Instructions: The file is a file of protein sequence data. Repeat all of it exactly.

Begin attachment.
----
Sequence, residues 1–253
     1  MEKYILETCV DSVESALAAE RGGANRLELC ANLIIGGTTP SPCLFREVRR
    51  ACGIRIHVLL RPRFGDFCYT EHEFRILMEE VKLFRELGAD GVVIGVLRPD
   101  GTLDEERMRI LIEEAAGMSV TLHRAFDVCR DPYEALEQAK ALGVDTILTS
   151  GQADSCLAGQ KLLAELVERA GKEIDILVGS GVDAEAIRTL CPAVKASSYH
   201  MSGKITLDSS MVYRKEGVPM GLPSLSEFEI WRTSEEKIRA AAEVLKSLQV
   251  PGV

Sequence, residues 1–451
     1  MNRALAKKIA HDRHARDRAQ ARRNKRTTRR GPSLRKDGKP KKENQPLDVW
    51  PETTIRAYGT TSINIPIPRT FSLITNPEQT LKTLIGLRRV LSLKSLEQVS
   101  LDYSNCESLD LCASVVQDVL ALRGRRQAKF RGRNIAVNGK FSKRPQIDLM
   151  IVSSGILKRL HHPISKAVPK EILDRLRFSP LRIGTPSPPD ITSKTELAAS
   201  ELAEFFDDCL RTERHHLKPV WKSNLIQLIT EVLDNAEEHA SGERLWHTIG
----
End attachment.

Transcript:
Sequence, residues 1–253
     1  MEKYILETCV DSVESALAAE RGGANRLELC ANLIIGGTTP SPCLFREVRR
    51  ACGIRIHVLL RPRFGDFCYT EHEFRILMEE VKLFRELGAD GVVIGVLRPD
   101  GTLDEERMRI LIEEAAGMSV TLHRAFDVCR DPYEALEQAK ALGVDTILTS
   151  GQADSCLAGQ KLLAELVERA GKEIDILVGS GVDAEAIRTL CPAVKASSYH
   201  MSGKITLDSS MVYRKEGVPM GLPSLSEFEI WRTSEEKIRA AAEVLKSLQV
   251  PGV

Sequence, residues 1–451
     1  MNRALAKKIA HDRHARDRAQ ARRNKRTTRR GPSLRKDGKP KKENQPLDVW
    51  PETTIRAYGT TSINIPIPRT FSLITNPEQT LKTLIGLRRV LSLKSLEQVS
   101  LDYSNCESLD LCASVVQDVL ALRGRRQAKF RGRNIAVNGK FSKRPQIDLM
   151  IVSSGILKRL HHPISKAVPK EILDRLRFSP LRIGTPSPPD ITSKTELAAS
   201  ELAEFFDDCL RTERHHLKPV WKSNLIQLIT EVLDNAEEHA SGERLWHTIG